Netanyahu and Obama in Washington .
(photo credit: Amos Ben-Gershom/GPO)
The whole world and the universe around it have been preoccupied these past
weeks with Israel and Iran. President Barack Obama’s speech to the 14,000 AIPAC
delegates in Washington on Sunday has been analyzed and counter-analyzed to the
last comma. Pundits, real mavens on the subject, speak about payloads and
missions on chat shows like they were discussing golf scores. Everyone is
focused on Iran, and everyone knows better than everyone else.
I, for my
part, have been reading as much as I can on the yet unreleased state
comptroller’s findings into the Harpaz Affair. I don’t know if the Israel Air
Force can strike Iran or not. I don’t know if Obama is good for Israel or not. I
don’t know if a duck quacks or not.
What I do know from what I have read,
however, is that only a miracle can save a country where the chief of staff does
not speak to the commander of the southern front; the defense minister does not
speak to the chief of staff; and the bureau of the defense minister and that of
the chief of staff declare themselves to be in a state of war and start
collecting black (dirty) intelligence on each other and their bosses. This when
they are supposed to be dealing with Iran, Hezbollah and Hamas and are
responsible for handling a massive segment of the national budget, not to
mention for the lives of our children.
The litany of sorrows portrayed by
the state comptroller’s report into this sorry affair pale, however, when added
to the confessions of Uzi Arad, the former national security adviser, about his
unhappy years in the Prime Minister’s Office, and the revelations that have
followed the recent mass resignations in the Prime Minister’s Office after
Binyamin Netanyahu was forced to fire his most trusted and senior aide for
Here we see infighting between the prime
minister’s military attaché and the head of the National Security Council and
viperous attacks on each other. Instead of cooperating, the heads of
these two functions saw each other as mortal enemies, spied on each other and
played power games by calling security meetings behind each other’s backs and
whispering poison into the ears of their superiors.
We see how the head
of the secret service was coopted to humiliate, intimidate and ultimately get
rid of one of the prime minister’s most trusted advisers, through allegedly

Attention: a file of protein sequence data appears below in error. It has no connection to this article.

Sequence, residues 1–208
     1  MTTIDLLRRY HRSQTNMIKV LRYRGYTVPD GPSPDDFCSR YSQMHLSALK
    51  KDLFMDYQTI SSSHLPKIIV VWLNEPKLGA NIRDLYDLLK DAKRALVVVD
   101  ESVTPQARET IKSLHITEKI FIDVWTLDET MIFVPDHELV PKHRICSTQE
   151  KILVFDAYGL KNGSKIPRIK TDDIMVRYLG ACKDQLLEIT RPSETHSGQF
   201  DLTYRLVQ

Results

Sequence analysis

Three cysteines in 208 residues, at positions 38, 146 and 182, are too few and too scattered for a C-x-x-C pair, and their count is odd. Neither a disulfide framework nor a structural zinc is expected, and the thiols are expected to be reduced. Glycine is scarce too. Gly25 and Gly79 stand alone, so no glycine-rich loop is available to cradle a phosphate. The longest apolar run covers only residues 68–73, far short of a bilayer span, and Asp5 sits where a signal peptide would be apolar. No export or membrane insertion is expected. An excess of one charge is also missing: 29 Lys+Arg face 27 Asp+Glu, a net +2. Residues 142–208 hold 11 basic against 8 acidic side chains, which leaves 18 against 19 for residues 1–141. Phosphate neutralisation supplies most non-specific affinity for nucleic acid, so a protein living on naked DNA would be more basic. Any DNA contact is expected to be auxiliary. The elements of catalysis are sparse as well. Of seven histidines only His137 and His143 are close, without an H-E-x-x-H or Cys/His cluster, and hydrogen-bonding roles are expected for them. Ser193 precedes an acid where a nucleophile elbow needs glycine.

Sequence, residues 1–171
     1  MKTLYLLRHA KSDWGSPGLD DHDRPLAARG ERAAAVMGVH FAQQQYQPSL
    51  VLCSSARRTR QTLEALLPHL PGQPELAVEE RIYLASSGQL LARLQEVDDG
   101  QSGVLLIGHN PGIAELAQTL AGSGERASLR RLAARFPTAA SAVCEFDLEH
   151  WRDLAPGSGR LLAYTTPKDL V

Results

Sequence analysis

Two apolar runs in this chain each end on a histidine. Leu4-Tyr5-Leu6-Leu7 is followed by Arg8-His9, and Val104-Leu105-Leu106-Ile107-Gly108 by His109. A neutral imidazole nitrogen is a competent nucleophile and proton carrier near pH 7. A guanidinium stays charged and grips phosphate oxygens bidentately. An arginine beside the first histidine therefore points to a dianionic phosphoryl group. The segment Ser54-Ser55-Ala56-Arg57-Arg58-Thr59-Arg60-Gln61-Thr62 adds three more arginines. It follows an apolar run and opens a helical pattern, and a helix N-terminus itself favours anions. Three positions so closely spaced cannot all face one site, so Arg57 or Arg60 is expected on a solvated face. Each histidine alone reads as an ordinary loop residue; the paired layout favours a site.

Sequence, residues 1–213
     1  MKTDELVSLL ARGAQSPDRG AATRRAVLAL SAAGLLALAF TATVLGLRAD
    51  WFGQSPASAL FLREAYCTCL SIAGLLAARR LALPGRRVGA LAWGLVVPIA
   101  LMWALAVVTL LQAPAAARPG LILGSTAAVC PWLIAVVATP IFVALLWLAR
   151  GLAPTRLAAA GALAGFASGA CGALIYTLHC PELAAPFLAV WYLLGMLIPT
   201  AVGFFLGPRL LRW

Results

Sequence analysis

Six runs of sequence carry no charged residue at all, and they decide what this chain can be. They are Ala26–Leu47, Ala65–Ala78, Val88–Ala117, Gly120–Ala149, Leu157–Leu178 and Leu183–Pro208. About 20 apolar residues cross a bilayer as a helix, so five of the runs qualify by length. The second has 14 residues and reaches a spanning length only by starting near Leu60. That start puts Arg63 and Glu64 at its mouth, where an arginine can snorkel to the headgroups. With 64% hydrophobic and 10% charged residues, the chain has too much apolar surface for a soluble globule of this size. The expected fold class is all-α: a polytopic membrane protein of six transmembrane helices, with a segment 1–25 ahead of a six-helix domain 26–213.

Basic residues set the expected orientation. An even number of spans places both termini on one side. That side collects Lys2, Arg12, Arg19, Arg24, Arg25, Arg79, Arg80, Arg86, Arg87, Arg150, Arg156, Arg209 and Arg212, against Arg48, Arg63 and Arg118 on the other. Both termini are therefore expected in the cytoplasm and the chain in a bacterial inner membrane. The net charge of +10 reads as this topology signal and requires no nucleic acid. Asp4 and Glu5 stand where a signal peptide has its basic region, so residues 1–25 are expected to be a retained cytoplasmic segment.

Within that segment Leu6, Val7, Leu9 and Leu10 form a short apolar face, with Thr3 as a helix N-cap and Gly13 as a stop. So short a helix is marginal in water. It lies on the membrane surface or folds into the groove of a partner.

deviously planted fictitious charges, mainly, it transpires, because the man had
fallen out of favor with the prime minister’s wife. The reports generally make
Machiavelli look innocent when compared to the goings on in the prime minister’s
inner circle, and reveal a security community totally preoccupied with defeating
each other, and not the enemy.
It would be trite of me to say be worried,
but I say so wholeheartedly. Stop looking at the faults in Obama’s speech, or
listening to the business-class-class analyze what the Israeli army can or
cannot do, and look at the people we have making the decisions. They all deserve
a good kick in the backside. The chutzpah of it all: the chief of staff’s bureau
spying on the defense minister, and the army’s representative in the Prime
Minister’s Office dedicated to undermining the National Security Council coming
of age as required and deemed by law.
How else to look at this other than
as an attempt by the military to subvert democracy, to take over command from
those charged by the electorate with exercising it? As for the secret service
being used as an instrument of political intrigue, who knows where this could
end and what blind path this could lead us up?
The clear lesson in all this is
that something is very rotten at the top of the pyramid. Power has become more
important than country. A leader sets the tone. If he lets it be known that he
is open to intrigue, likes gossip, can be swayed, he sets ground rules for the
type of mind-numbing behavior that has come to light in recent weeks. If he sees
himself as a team leader, projects that those under him are expected to play
together for the benefit of all, then that is what he will
Obviously, from what we see, those serving on Netanyahu’s team have
a long way to go, as does their captain. Let’s hope that the game lasts
long enough for them to realize they are kicking into their own goal, our goal,
before it is yet again too late for anything but recriminations.
no matter how hard our friends try, we always seem to be our own worst enemy.
Until now we have managed to get away with it. But with the stakes having gone
nuclear, the rules have changed, and we can only pray that those at the top have
realized it.The writer is a senior research associate at the Institute
for National Security Studies and the author of
The Anatomy of Israel’s
Survival, the winner of the 2011 National Jewish Book Award.